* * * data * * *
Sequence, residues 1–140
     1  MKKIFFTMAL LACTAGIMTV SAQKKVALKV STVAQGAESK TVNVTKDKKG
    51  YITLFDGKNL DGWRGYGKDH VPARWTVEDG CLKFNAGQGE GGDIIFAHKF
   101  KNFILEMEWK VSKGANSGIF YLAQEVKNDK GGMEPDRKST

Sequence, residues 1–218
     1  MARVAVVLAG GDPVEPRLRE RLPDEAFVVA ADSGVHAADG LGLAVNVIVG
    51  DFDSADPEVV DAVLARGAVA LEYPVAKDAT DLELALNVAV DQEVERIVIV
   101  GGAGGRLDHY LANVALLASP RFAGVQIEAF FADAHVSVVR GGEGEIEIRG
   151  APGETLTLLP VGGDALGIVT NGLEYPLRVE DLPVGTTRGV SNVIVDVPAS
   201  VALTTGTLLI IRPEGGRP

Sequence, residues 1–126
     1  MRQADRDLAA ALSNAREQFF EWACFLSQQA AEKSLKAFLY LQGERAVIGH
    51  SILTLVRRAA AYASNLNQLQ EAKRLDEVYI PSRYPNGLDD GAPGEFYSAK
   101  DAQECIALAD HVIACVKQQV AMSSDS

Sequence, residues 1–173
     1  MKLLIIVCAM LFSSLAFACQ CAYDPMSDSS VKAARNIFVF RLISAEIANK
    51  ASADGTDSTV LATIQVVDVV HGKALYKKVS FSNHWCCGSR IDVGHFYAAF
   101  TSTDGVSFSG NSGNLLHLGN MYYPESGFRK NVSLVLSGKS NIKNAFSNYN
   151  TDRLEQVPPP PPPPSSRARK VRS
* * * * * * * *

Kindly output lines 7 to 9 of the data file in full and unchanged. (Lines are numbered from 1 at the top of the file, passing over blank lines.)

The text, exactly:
    51  DFDSADPEVV DAVLARGAVA LEYPVAKDAT DLELALNVAV DQEVERIVIV
   101  GGAGGRLDHY LANVALLASP RFAGVQIEAF FADAHVSVVR GGEGEIEIRG
   151  APGETLTLLP VGGDALGIVT NGLEYPLRVE DLPVGTTRGV SNVIVDVPAS